As messy, ambivalent, compromising, fraught, or downright objectionable as their sexual desires and transgressions might be, the beauty of the Jennifer V. Evans’ take is that her viewpoint on the queer historical agents and their subjectivities is never judgmental but always analytical. By writing against the misunderstanding of queer kinship as identification in the sense of sameness or wholeness, Evans frames queer ties as a radical humanistic commitment to “being together in difference” (Evans, 185). What does it all matter and where should we go from here?, she asks (Evans, 4f). Her book makes a strong case for dignity, resilience, tolerance, and understanding as a filial formation that bind us humans together. One does not necessarily need to inhabit queer or *trans subject positions “to live in good relations to the queer and trans* past” (Evans, 20). Aware of our perilous times, Evans invites us to read, think, listen, and feel with one another across divides. A different future of queer kinship requires us, as she rightly posits, to “re-wire […] the senses” with a fair dose of self-reflexivity, self-criticism, and empathy.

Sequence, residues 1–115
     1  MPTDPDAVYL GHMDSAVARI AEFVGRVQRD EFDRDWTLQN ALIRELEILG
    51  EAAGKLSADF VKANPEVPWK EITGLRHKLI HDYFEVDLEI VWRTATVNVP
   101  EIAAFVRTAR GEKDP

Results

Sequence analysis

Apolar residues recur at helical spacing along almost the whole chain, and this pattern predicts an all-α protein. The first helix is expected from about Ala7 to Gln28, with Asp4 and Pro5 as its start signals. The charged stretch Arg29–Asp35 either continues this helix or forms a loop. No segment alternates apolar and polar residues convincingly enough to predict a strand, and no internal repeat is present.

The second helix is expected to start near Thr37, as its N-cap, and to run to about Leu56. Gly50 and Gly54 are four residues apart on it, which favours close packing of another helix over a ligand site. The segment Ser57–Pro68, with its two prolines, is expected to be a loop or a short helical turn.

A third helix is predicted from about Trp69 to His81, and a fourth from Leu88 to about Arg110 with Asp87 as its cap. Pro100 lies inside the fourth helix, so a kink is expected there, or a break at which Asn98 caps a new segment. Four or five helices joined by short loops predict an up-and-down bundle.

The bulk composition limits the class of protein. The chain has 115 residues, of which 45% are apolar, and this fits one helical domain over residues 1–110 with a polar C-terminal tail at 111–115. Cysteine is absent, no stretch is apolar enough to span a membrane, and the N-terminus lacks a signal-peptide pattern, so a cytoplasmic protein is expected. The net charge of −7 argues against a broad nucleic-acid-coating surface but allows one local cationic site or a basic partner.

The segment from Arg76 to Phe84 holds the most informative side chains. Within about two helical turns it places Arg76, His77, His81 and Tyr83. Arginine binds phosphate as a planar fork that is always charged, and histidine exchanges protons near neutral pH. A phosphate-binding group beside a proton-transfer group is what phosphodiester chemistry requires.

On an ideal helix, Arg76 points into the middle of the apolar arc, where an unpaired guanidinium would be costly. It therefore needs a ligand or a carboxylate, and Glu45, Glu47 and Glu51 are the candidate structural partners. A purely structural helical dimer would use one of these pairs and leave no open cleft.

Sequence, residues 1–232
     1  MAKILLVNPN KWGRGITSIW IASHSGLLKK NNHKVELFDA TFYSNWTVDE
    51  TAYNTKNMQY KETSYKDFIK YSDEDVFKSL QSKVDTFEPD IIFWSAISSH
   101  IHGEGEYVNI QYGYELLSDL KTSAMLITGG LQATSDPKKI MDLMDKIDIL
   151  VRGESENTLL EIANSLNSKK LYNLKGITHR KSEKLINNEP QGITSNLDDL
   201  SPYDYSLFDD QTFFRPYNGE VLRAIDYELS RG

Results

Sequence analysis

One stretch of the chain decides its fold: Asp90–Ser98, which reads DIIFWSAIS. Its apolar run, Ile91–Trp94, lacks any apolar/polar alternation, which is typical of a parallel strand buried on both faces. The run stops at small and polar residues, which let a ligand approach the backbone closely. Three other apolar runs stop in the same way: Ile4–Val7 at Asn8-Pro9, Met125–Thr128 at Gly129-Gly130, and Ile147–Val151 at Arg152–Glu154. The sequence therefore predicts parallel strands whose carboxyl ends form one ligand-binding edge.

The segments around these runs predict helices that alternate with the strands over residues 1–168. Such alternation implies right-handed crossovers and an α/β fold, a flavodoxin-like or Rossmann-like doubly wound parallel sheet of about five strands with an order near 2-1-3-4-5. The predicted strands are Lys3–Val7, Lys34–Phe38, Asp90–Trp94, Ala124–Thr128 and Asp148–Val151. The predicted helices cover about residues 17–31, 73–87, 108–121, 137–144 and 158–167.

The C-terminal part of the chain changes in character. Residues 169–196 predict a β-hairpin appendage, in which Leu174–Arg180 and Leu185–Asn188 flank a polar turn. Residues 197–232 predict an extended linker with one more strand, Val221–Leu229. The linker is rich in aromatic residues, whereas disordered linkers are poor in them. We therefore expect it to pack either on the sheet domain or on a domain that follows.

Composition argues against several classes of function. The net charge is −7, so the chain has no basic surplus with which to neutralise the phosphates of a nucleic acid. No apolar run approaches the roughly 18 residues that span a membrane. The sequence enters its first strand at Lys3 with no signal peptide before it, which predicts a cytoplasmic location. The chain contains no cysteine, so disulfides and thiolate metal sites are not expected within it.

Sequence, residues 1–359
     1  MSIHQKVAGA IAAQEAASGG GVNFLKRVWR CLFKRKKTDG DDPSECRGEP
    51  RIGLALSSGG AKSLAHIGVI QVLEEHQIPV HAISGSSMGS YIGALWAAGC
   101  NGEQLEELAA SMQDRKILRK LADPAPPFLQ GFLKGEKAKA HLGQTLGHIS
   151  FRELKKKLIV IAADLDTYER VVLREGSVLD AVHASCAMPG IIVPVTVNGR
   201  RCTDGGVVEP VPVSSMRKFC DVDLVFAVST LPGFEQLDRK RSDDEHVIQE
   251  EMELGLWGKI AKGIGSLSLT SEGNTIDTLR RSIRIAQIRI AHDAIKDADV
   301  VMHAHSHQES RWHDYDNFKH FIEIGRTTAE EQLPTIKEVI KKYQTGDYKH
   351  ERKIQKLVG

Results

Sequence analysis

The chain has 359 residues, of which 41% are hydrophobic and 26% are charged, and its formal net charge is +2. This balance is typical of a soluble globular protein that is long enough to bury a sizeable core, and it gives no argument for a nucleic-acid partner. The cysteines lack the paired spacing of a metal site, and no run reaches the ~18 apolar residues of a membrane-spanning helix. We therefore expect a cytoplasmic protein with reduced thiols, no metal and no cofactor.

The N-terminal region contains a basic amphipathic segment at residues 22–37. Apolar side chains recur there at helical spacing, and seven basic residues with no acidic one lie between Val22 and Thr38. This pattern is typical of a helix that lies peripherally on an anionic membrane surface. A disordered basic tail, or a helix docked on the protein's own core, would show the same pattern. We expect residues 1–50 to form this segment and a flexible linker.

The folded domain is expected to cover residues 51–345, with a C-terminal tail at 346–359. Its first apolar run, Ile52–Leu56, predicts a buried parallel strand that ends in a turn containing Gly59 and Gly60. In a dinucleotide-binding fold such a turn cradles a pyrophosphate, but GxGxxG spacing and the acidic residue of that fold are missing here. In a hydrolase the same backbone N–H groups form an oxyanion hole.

Elissa Mailänder is Associate Professor of Contemporary History at Sciences Po in Paris, France



  1. Tamsin Spargo, Foucault and Queer Theory, New York: Totem Books, 1999.
  2. Michael Wildt, An Uncompromising Generation. The Nazi Leadership of the Reich Security Main Office, translated by Tom Lampert, Madison, University of Wisconsin Press, 2009.
  3. Susan Sontag, “Fascinating Fascism,“ The New York Review of Books, 6 February 1975 and Jack Halberstam, “The Killer in Me Is the Killer in You.” Homosexuality and Fascism, in: J. Halberstam, The Queer Art of Failure, Durham/London: Duke University Press, 2011, pp. 147-171.
  4. Andreas Sternweiler, Fotos sind mein Leben: Albrecht Becker, Berlin: Verlag Rosa Winkel, 1993; Katrin Köppert, Queer Pain. Schmerz als Solidarisierung, Fotografie als Affizierung. Zu den Fotografien von Albrecht Becker aus den 1920er bis 1990er Jahren, Berlin: Neofelis Verlag, 2021).
  5. Napoleon Seyfarth, Schweine müssen nackt sein. Ein Leben mit dem Tod (Pigs need to be naked: A life with death), Berlin, Edition diá, 1991.
  6. Dagmar Herzog, Sex After Fascism. Memory and Morality in Twentieth-Century Germany, Princeton, Princeton University Press, 2005, S. 220-258.
  7. R. W. Connell, Masculinities, Berkeley/Los Angeles, University of California Press, 2005 (1995), p. 45-86.
  8. Cynthia Enloe, “Who is ‘Taken Seriously’?,” in Cynthia Enloe, Seriously! Investigating Crashes and Crisis as if Women Mattered, Bereleky, University of California Press, 2013, pp. 1-18, p. 4 and 6.